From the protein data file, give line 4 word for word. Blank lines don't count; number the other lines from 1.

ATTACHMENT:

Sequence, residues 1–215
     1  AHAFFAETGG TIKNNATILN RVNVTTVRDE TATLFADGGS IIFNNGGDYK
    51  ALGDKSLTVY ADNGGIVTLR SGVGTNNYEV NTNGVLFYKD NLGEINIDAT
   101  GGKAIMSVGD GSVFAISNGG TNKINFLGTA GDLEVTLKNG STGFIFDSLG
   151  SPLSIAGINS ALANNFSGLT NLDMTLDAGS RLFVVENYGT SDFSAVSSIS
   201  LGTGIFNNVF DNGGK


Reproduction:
   101  GGKAIMSVGD GSVFAISNGG TNKINFLGTA GDLEVTLKNG STGFIFDSLG